Healthcare workers from the Colorado Department of Public Health and Environment check in with people waiting to be tested for COVID-19 at the state’s first drive-up testing center. | Michael Ciaglo/Getty Images
Federal and state officials across the country have altered or hidden public health data crucial to tracking the coronavirus’ spread, hindering the ability to detect a surge of infections as President Donald Trump pushes the nation to reopen rapidly.
In at least a dozen states, health departments have inflated testing numbers or deflated death tallies by changing criteria for who counts as a coronavirus victim and what counts as a coronavirus test, according to reporting from POLITICO, other news outlets and the states’ own admissions. Some states have shifted the metrics for a “safe” reopening; Arizona sought to clamp down on bad news at one point by simply shuttering its pandemic modeling. About a third of the states aren’t even reporting hospital admission data — a big red flag for the resurgence of the virus.
The spotty data flow is particularly worrisome to public health officials trying to help Americans make decisions about safely venturing out. The lack of accurate and consistent Covid-19 data, coupled with the fact that the White House no longer has regular briefings where officials reinforce the need for ongoing social distancing, makes that task even harder.
New examples seem to sprout up daily. The District of Columbia this week became the latest jurisdiction to endure scrutiny, with the city using a “community spread” metric — excluding nursing homes, correctional facilities and others — as a justification for reopening the area.
Iowa Gov. Kim Reynolds told reporters that the state will share information about outbreaks at meatpacking plants only upon request. And Georgia has only just begun to differentiate between the two types of coronavirus tests it’s been adding into its testing totals for weeks.
“All these stories about undercounts, overcounts, miscounts, are undermining our ability to deal with the pandemic,” said Irwin Redlener, a public health expert at Columbia University. The country, he said, is confronting an “unheard of level of chaos in the data, the protocols, the information.”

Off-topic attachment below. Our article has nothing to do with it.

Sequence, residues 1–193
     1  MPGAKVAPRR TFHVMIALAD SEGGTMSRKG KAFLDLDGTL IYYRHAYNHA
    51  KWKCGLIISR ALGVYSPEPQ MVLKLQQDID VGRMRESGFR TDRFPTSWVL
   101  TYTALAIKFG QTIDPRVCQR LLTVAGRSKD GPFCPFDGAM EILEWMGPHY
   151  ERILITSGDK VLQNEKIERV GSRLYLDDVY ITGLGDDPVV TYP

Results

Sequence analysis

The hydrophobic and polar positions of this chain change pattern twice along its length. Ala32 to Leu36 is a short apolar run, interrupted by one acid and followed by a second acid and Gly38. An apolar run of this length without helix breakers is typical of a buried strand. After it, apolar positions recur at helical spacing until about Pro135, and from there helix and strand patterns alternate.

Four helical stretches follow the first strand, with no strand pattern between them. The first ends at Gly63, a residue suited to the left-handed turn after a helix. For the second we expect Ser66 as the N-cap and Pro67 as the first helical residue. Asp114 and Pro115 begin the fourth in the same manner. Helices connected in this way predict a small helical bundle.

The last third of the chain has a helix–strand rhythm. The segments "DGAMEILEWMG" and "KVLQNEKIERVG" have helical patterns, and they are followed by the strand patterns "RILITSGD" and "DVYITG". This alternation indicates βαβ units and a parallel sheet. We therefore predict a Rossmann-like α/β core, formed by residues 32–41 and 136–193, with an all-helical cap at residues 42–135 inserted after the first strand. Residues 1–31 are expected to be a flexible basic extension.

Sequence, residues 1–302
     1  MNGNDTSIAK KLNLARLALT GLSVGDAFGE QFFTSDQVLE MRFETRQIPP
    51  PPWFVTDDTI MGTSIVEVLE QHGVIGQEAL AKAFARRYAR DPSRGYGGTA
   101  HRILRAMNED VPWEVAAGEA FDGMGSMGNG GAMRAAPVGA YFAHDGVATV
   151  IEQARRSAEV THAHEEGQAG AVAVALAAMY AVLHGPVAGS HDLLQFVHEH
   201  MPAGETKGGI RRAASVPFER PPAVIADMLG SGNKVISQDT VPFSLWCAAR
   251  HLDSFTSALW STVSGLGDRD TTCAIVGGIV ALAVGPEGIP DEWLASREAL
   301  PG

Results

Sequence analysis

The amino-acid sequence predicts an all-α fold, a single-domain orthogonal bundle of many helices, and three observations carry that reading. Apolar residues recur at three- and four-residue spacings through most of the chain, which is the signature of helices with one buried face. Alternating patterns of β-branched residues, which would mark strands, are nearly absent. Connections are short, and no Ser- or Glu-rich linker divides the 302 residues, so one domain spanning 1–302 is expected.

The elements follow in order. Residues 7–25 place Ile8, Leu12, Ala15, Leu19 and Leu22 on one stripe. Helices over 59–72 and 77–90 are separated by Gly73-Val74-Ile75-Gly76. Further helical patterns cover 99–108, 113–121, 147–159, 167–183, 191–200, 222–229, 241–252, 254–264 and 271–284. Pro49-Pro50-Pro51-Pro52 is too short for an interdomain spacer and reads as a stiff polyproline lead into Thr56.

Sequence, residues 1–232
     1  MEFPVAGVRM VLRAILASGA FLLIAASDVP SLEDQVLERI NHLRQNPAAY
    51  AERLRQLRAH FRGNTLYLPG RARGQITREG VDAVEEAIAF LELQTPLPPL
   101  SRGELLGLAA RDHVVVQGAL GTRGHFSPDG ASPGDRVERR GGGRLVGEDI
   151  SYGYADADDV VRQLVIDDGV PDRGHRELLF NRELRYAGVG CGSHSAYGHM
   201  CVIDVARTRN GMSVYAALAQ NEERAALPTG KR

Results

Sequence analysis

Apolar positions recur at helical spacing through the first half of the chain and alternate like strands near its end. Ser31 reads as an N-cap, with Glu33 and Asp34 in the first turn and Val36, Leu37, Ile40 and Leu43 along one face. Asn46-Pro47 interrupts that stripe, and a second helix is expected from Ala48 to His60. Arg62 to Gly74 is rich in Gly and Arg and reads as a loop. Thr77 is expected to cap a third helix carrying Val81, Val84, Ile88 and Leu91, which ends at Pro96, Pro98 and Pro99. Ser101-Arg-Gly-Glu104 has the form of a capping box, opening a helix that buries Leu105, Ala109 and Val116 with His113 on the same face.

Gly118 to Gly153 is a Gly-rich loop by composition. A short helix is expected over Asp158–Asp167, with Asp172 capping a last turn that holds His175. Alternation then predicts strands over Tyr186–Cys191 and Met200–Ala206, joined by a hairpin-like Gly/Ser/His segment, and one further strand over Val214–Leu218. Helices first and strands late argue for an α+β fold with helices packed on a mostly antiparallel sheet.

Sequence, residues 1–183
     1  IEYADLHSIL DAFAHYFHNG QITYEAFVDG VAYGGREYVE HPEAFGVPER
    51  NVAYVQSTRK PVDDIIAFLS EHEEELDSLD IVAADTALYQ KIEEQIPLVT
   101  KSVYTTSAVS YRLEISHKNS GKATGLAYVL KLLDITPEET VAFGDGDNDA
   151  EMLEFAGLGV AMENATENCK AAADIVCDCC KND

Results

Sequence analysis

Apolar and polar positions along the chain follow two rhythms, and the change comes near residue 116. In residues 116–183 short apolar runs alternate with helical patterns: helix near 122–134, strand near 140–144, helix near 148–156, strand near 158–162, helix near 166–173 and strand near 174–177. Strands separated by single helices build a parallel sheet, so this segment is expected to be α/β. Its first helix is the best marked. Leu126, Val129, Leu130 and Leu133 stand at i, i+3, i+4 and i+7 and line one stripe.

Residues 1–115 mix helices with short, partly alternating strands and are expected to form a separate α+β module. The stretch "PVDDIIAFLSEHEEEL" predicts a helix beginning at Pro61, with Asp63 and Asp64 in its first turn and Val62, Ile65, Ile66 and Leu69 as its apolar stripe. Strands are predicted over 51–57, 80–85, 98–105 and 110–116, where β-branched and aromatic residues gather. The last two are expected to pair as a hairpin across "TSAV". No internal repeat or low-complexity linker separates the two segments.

The problems are widespread and have infiltrated federal health agencies as well. The Centers for Disease Control and Prevention blended diagnostic and antibody tests, boosting the nation’s overall testing numbers.
The Department of Health and Human Services took out of context data on the danger of “deaths of despair” from overdoses and suicides amid an economic debacle, according to the authors of the report in question. On Tuesday, an ethics center at Harvard rebuked the White House for misleadingly citing numbers from one of its studies to buttress the administration’s national testing report.
Nearly half the U.S., meanwhile, has registered rising caseloads as states press ahead with reopening the economy. While some of that reflects increased testing, an accompanying uptick in hospitalizations is worrying experts, including former FDA commissioner Scott Gottlieb.
The White House, which has insisted it’s following a “data-driven path” to reopening, did not respond to questions about the data that it’s relying on.
But within the Trump administration, some officials aren’t merely ignoring the warning signs. They’re also selectively using scientific advice and models in their quest for a swift reopening. For instance, HHS Secretary Alex Azar warned during a recent Cabinet meeting that the U.S. could see 65,000 additional “deaths of despair” if the country does not get back on track to normalcy soon.